Robert S. Fisher, MD PhD Dr. Fisher is Maslah Saul MD Professor of Neurology and Director of the Stanford Comprehensive Epilepsy Center. He received his Ph.D. in the Neurosciences in 1976 and an M.D. in 1977, from Stanford University. He then took specialty training in internal medicine at Stanford and in neurology at Johns Hopkins, where he was Co-Director of the Epilepsy Program for eleven years. He formerly was Chairman of the Department of Neurology, Chief of the Epilepsy Center at Barrow Neurological Institute in Phoenix, and Newsome Professor of Clinical Neurology at the University of Arizona. Dr. Fisher is author or co-author of over 120 peer-reviewed publications in medical journals, two books on epilepsy and two monographs. He frequently chairs symposia and meetings, speaks at national or international conferences on subjects related to seizure disorders, has been on review boards for national grant applications, and currently serves on the editorial board of several epilepsy and EEG-related journals. He has won research awards from the Klingenstein Foundation, the Epilepsy Foundation of America and the National Institutes of Health. His peers named him to be listed 1996-2003 in Best Doctors in America. Dr. Fisher has served in numerous positions in the epilepsy community, including as President of the American Epilepsy Society. He has been the main force behind laboratory and recent clinical studies of thalamic stimulation for epilepsy, and he is the pioneer in originating techniques for direct drug application to the seizure focus.

John Huguenard, Ph.D., Professor of Neurology and Neurological Sciences, and Program Director of the ETP.

His early biophysical studies with Doug Coulter of low threshold calcium currents and their modulation by selective petit mal anticonvulsants, and later experiments describing the effects of benzodiazepines and ethosuximide on thalamic neurons and networks, have instigated the development of novel epileptic therapies. Current research directions in Dr. Huguenard’s laboratory include regulation of excitability in thalamic and cortical neurons and the key role of synaptic integration in determining network state. Epilepsy is a network phenomenon and an emergent property of neural networks that stray from their normal function. Synaptic interactions among neurons can vary in a dynamic sense leading to distinct states during the initiation, propagation and termination of seizures. His laboratory studies the transitions between normal network function and these various epileptic states, efforts that have been aided through the use of genetic animal models of spontaneous seizures. He utilizes a number of modern approaches to this end, including live imaging, neurophysiology, and optogenetic circuit dissection and neuromodulation. Mouse knockouts are commonly used to define the roles of specific molecules (ion channels, neurotransmitter receptors, or transporters) in complex neuronal functions. Modeling is an important tool in the laboratory, useful in the integration of neurophysiological data and generation of hypotheses. Trainees in his laboratory will learn techniques for chronic EEG studies in animal models of epilepsy, biophysics of voltage-gated and synaptic currents in neurons with in vitro slice preparations, circuit mapping via laser scanning photostimulation (LSPS), multiphoton imaging of neural activity in fine structures (axons, dendrites) via Na+ and Ca2+ imaging, dynamic clamp, real time imaging of neurotransmitter output (esp. glutamate) and computer simulation tools (NEURON, MCell). There are currently 9 fellows in Dr. Huguenard laboratory.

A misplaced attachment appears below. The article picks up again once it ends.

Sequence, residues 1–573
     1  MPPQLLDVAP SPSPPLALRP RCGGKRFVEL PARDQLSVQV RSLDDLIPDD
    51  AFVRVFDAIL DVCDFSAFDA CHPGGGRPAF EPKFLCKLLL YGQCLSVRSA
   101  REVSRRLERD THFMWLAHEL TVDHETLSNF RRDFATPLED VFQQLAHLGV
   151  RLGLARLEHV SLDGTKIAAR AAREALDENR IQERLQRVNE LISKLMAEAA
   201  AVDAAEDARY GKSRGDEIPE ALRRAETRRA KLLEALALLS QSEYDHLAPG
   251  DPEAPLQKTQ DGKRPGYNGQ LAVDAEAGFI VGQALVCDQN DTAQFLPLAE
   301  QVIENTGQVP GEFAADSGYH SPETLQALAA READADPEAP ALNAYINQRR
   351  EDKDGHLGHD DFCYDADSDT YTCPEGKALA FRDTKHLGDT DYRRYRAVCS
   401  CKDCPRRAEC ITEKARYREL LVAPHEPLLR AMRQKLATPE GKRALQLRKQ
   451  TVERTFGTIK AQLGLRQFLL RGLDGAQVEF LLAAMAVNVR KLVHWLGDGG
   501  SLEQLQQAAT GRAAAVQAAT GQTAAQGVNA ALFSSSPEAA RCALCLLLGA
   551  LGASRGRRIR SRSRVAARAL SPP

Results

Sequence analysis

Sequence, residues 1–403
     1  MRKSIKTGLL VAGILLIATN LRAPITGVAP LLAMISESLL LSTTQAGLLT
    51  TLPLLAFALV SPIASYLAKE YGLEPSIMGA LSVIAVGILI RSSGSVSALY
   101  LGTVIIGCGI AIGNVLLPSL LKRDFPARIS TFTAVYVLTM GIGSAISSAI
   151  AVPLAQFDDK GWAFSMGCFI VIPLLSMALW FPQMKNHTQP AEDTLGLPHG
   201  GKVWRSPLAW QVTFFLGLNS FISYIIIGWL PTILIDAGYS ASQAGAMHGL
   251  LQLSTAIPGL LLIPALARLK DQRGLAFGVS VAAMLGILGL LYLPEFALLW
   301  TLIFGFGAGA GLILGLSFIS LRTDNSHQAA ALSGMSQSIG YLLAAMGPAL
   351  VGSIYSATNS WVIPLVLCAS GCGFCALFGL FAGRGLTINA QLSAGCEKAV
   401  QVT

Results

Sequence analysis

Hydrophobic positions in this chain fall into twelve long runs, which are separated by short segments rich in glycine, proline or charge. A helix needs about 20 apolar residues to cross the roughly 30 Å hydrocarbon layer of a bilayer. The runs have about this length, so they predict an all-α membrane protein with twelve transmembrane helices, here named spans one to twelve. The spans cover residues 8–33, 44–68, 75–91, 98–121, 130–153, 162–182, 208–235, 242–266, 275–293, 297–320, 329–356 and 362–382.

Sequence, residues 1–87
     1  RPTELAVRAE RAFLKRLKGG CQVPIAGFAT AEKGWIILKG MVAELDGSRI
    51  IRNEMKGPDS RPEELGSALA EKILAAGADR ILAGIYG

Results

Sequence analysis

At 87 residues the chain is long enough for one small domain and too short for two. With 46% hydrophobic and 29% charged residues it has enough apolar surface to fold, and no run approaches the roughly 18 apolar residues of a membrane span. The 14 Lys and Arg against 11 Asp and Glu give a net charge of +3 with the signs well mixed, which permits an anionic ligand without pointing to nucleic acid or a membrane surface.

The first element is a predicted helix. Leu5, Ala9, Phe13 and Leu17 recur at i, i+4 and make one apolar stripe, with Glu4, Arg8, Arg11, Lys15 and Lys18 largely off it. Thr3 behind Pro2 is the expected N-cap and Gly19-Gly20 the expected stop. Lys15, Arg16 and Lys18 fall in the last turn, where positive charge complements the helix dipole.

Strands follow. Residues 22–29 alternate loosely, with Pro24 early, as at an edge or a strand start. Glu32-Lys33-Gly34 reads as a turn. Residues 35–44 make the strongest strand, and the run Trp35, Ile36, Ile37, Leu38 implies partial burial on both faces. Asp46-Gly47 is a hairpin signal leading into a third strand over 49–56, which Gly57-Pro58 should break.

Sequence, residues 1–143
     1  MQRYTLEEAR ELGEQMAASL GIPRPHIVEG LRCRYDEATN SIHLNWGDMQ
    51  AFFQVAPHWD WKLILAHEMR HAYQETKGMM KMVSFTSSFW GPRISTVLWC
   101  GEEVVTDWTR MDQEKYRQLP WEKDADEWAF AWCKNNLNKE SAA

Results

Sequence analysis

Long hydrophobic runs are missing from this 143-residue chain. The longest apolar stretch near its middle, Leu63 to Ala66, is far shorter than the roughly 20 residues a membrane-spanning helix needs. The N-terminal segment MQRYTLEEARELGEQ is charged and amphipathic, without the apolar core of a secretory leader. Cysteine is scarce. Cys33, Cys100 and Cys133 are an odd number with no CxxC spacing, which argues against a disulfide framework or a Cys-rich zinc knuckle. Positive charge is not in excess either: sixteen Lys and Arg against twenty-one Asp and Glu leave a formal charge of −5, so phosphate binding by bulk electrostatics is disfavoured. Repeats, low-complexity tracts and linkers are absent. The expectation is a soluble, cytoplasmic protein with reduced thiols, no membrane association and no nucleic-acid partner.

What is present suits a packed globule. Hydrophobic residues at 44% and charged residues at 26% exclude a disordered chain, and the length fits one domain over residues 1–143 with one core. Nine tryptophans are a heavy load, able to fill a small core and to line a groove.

Liqun Luo, Ph.D. Professor of Biology and Investigator of the Howard Hughes Medical Institute. Dr. Luo uses molecular genetics to study the logic of neural circuit organization and assembly. The human brain is made of hundreds of billions of neurons. Most individual neurons have complex dendrites and axons that allow them to receive and send information to thousands of other neurons. Specific neurons participate in specialized neural circuits and perform dedicated functions. To comprehend this bewildering complexity, Dr. Luo’s group uses simpler brains of model organisms to uncover fundamental principles that are likely to be used in our own brain. Dr. Luo’s lab has developed genetic methods in fruit flies and mice that permit labeling and genetic manipulation of individual neurons in intact brains. They use these methods to study how neural circuits are organized in adult and how they are assembled during development. In particular, Dr. Luo’s lab has elucidated mechanisms by which exuberant axons and dendrites are pruned during the wiring of the nervous system. Defects in neuronal process pruning could contribute to epilepsy.